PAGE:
o The Motorcycle Boy: Big Rock Candy Mountain (Rough Trade) There must have been more to Alex Taylor’s decision to leave the Shop Assistants than to replace them with a beleathered band that could play Westworld rilts. Apart lrom that, not a million light years lrom the Shoppies sound, and a disappointingly weak song.



The best laid plans ot mice and men. . . I Here are some late additions to our

guide torthe struggling musician which I appeared in last issue.


0 Radio Clyde 041 941 1 1 11, ext 312. Contact: Grae Allen. There’s always been a studio at Radio Clyde, usually mixing tracks recorded on their 24-track mobile (from Alice Cooper to the SNO), but it’s now been re-equipped and all concerned are much happier with it. When they called us, rates stood at £21 per hour, but are rising soon. Desk: Amek G25/20 28 channel in line 24 group desk. Tape machine: MCI J H 24 track with Dolby A. Mastering: MCI J H1 10 2 track, Sony PCM701 Digital Audio Processors. Studio monitors: Tannoy, Yamaha and Auratones. ‘Toys’ include a scamp rack, F769 vocal stresser, Urei and Audio Design limiters and compressors, Urei dual parametric EQ, BX20 reverb, EMT plate, Eventide 9/10, Delta Lab Timeline, Bel DD80 and Yamaha SPX90. Massive microphone selection.

The 24-track mobile, hired by many companies, has MCI J H600 36 input 24 group desk, MCI 11-! 24 track recorder and two MCI 2 tracks, which can go straight on to digital tape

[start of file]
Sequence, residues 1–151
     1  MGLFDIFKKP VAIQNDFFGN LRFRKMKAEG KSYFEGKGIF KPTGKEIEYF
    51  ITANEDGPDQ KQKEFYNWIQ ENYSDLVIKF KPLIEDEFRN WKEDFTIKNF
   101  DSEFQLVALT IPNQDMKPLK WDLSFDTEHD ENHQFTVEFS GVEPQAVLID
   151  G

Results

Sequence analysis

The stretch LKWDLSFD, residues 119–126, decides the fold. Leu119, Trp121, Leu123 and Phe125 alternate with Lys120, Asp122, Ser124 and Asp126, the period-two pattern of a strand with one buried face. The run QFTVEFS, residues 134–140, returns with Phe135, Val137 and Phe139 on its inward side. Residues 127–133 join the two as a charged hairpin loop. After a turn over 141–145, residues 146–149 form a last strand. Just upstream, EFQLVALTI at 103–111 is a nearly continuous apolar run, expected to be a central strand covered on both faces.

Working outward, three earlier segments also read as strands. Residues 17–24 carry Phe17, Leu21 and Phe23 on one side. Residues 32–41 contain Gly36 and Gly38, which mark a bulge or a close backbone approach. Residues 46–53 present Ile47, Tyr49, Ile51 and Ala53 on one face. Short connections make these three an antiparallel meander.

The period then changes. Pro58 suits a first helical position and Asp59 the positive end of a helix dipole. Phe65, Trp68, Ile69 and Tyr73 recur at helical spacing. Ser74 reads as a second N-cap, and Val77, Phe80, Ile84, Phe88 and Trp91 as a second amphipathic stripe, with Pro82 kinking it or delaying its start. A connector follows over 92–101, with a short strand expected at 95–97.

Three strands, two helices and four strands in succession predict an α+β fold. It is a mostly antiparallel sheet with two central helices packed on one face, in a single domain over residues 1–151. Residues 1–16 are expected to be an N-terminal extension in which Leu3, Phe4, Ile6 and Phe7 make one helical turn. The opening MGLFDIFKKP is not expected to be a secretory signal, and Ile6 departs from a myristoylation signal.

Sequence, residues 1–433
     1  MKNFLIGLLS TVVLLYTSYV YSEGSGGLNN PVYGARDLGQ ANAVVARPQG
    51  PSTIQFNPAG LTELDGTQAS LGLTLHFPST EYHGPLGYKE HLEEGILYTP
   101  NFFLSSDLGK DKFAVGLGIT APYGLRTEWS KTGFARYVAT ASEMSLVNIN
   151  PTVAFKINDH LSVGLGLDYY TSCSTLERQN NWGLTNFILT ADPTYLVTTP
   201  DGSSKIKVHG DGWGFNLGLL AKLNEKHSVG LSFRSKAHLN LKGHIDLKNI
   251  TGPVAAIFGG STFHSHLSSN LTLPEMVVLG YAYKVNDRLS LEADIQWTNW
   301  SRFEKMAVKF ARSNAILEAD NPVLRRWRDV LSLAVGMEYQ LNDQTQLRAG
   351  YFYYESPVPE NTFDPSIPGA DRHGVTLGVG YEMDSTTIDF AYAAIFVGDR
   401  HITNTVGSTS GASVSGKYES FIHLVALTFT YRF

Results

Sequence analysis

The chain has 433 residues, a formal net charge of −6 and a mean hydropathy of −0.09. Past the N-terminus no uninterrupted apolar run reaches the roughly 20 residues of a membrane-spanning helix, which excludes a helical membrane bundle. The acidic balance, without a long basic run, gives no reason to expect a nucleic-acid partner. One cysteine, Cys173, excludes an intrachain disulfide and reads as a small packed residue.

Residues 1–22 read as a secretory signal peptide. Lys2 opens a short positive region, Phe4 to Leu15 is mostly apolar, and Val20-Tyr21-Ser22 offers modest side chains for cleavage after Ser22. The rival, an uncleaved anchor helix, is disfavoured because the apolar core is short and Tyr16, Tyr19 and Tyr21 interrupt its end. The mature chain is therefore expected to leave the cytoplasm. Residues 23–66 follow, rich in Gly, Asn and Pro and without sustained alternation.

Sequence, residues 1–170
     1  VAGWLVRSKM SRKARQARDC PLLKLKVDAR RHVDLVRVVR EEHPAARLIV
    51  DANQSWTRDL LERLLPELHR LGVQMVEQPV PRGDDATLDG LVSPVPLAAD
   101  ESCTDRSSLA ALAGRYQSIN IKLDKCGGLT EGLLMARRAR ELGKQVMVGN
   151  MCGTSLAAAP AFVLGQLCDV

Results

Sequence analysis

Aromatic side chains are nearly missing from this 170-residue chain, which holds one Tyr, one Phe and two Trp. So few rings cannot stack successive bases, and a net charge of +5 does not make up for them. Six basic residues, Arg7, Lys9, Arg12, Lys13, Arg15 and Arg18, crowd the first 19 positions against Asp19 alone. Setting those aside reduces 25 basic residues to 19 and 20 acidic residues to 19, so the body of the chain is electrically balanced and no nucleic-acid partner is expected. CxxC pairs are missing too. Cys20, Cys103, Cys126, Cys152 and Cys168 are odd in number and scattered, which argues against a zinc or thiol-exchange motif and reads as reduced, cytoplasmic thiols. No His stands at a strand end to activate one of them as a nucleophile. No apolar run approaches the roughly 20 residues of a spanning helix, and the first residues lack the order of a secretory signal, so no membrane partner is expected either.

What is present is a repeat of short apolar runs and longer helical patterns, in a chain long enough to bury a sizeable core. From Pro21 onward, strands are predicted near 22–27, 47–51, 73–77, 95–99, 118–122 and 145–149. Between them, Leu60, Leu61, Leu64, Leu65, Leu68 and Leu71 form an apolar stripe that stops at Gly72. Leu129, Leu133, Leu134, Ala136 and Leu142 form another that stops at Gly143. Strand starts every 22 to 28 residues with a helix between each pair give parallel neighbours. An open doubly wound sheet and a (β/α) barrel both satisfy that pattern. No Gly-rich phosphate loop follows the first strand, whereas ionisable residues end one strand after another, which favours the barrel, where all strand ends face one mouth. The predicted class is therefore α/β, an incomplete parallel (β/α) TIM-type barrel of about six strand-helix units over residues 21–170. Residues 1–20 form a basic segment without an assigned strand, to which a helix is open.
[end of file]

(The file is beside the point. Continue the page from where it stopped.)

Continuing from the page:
o This Business at Music An

American publication, packed with

Would you like to be the proud possessor ofa brand new List t-shirt (not quite as illustrated!)?

For an introductory period we’re vr\ offering, subject to KG availability, our / t-shirt at the special ( price of£5 (plus 50p K post and package). Send a cheque made out to The List Ltd. together with the filled out order form below please state size: Large or

Extra Large. Please allow 21 days for delivery.

information on every imaginable aspect of the music business. Includes facsimiles of sample contracts for every situation. Essential for musicians, publishers, writers, etc. Painstakingiy researched. Apparently only available from Billboard Ltd, 71 Beak Street, London WlR 3LF( tel 01439 9411), costing £17.50 inc. postage and packing.


0 lnnovlson 24a Ainslie Place, Edinburgh EH3 6A1 , 031-225 2186/7. Contact: Jamie Swinton. Normally record, broadcast quality, in hi-band, with Sony M3A and Sony BWl 10 recorders, but can provide Betacam and 16mm film. A day’s recording, with the most basic crew, would cost a minimum of £600, though, as in all these things, Innovision can supply virtually anything you would want if you can afford it. All projects are tailored to fit the client’s price range. Ideally bands should present Innovision with a storyboard, but someone can be brought in to design one. If a band don’t really know what they want themselves, putting it into someone else’s hands can bring unsatisfactory results, so plan ahead. Post-production takes place in two in-house editing suites, minimum £240 per hour. Innovision can convert hi-band to lo-band to make VHS copies. They recently made a promo for the DeafJim ‘No Sleep Till Bedtime’ single.


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The List 18 Sept- 1 Oct 35